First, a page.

I recently worked with the tree for a case of pink eye, to find the infection on the run in just a couple days– goopiness gone, eyes less red and pain significantly less noticeable. White Pine helped clear up the issue in just a few days.
Here are a few methods for using Pine to combat pink eye:
WHITE PINE TISANE
The easiest thing you can make using White Pine is a tea or tisane. This is simple– throw a handful of freshly-picked needles into water on a metal pot on the stove, and simmer for about an hour, on medium-low. Turn the heat down of course, and wait for the tisane to cool. There you have your wash. The best tisane you could make would be from the tender needles that are present on the tree in Spring.
You can cup your hands in the water and wash it into your eyes, thoroughly rinsing your eyes out with plain cold water afterward.
WHITE PINE TINCTURE
A tincture of White Pine resins is what I have seen do wonders. Of course, I must emphasize– you absolutely must dilute about 5 drops of this tincture into one fluid ounce of cold water to use it as an eyewash. Any other method, whether plain tincture or other ratio, and you are going to hurt yourself. When you first add the incredibly minute amount of drops to the water, you may see the water turn a slightly milky color. This is normal.
I also find that Pine tinctures are among the most delightful to make. After collecting tons of sticky resin in the early Spring, when the sap is flowing, you can scrape it off and drop it into your own high-proof alcohol, and watch as days go by the resin slowly and perfectly dissolve into the menstruum. When the resin completely disappears you know the tincture is ready, and unlike most other tinctures you don’t have spent herbal matter to toil through, press, or strain out!
Note: if you are experiencing pink eye/conjunctivitis symptoms, please consult with a professional health care provider for the best results on how to take care of the issue.
**Disclaimer** The information in this article is NOT intended to assess, diagnose, prescribe, or promise cure. Its intent is to be purely educational; if suffering serious illness, please contact a professional healthcare provider.
Properties: Tonic, Bitter Tonic, Aromatic, Carminative, Adaptogen, Stimulating Expectorant, Demulcent, Anti-spasmodic, Immune Booster, Antimicrobial, Emmenagogue
Energetics: Damp and warming, Sweet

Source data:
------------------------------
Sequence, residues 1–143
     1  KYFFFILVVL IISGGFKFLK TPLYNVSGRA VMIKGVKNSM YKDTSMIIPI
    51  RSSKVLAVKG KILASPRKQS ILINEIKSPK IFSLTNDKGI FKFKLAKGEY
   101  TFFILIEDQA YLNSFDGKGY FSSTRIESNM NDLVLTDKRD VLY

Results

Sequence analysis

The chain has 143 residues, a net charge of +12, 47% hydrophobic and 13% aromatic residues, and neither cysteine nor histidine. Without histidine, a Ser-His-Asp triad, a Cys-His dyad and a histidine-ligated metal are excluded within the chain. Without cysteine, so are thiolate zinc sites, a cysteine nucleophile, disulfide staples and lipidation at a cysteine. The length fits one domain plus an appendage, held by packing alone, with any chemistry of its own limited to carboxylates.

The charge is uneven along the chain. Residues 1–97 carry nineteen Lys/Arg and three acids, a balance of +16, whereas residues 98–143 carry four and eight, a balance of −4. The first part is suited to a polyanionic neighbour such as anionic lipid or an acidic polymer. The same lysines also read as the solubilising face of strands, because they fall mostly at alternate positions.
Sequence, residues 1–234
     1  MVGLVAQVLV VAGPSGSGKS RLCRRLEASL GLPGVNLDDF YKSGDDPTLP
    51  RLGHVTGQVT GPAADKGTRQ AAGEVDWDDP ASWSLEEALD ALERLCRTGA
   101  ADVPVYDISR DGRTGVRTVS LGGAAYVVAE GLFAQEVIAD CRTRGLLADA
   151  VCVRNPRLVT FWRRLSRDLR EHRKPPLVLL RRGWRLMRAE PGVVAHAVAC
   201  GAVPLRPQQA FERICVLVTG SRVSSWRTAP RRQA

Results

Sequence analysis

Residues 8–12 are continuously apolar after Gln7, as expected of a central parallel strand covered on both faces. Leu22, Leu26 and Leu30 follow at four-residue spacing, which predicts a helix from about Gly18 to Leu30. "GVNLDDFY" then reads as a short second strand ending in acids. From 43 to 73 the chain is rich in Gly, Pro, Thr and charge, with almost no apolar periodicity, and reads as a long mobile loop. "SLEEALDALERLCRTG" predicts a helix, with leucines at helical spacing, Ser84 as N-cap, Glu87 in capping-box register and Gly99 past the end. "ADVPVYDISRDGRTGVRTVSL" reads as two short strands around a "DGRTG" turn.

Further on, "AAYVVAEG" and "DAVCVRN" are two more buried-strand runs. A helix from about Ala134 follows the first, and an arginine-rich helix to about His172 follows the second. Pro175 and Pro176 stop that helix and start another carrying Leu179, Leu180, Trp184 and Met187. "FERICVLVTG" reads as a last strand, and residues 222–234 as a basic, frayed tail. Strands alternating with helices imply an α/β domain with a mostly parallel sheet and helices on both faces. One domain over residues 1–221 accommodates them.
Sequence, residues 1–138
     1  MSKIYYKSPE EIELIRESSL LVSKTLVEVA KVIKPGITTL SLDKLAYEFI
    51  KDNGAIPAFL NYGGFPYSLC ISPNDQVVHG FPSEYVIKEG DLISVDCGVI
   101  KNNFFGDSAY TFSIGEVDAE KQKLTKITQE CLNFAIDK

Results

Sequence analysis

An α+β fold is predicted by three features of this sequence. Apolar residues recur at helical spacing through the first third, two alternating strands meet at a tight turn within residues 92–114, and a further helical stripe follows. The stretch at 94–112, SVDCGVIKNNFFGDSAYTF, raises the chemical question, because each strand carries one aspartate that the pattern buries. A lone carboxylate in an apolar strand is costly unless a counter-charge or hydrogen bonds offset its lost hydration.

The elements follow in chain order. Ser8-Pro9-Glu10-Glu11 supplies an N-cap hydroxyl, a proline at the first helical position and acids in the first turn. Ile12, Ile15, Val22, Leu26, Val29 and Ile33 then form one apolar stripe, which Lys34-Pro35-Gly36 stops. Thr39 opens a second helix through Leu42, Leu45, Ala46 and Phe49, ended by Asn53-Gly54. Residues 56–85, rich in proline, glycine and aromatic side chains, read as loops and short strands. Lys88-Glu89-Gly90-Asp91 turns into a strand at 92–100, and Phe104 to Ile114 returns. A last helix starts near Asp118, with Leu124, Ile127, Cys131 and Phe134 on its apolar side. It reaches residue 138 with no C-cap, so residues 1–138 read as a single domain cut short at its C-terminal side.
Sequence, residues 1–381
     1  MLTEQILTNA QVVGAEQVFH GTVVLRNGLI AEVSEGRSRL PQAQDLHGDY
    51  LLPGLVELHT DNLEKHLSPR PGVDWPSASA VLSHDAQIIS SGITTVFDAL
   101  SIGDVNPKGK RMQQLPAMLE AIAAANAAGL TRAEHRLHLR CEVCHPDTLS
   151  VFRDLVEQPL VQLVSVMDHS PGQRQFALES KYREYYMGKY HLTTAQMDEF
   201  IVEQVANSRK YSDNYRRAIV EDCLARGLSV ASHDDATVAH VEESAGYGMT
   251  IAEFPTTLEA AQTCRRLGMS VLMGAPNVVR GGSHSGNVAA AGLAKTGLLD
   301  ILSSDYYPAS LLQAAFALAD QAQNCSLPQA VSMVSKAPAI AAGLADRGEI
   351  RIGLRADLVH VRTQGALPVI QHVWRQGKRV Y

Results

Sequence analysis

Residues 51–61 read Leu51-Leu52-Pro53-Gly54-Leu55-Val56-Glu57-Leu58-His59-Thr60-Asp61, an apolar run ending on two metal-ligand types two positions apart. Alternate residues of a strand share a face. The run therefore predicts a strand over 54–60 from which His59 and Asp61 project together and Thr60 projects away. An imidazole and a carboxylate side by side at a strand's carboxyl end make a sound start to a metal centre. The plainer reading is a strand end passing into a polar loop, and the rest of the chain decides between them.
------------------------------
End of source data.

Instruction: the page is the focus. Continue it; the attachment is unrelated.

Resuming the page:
Parts Used: Root, sometimes leaves
When first walking the woods of Iowa out by where I live, I came across swathes of forest that were completely carpeted with an interesting looking herb.
I turned to a few people I knew and asked them what it may be, describing it in detail. One of them was an ecologist, another a biologist, yet another a dedicated explorer of wilderness. I was surprised that they were each baffled, having not fully noticed the plant before, as it is not all that memorable. One of them suggested it was Greek Valerian, or Jacob’s Ladder, but it was a mis-match. One of them even brought up Poison Hemlock: “No, no, no- definitely not that!” A lot of time went by before thinking of the plant again, even though I continued to see it everywhere: while hiking, fishing, or gathering other herbs. It is quite ubiquitous but unremarkable in appearance. Nonetheless, it learned how to catch my eye.
Then, through a series of interesting events, I stumbled upon a picture of the plant in a plant guide. “Sweet Cicely” was what it was called, an obscure member of the Carrot Family, Apiaceae. There was little information on it in herbals, so I didn’t focus on it too much. Then, I was shocked and pleased to discover that it was considered to be a very important cornerstone in Cherokee Herbal Medicine, via herbalist David Winston. With some study I came to understand that it was also important to many other Native American tribes in our history as well, collectively a stomach/bowel remedy and Woman’s Medicine. In the end, though, it was the word “adaptogen” that rang in my ears and started to get me excited!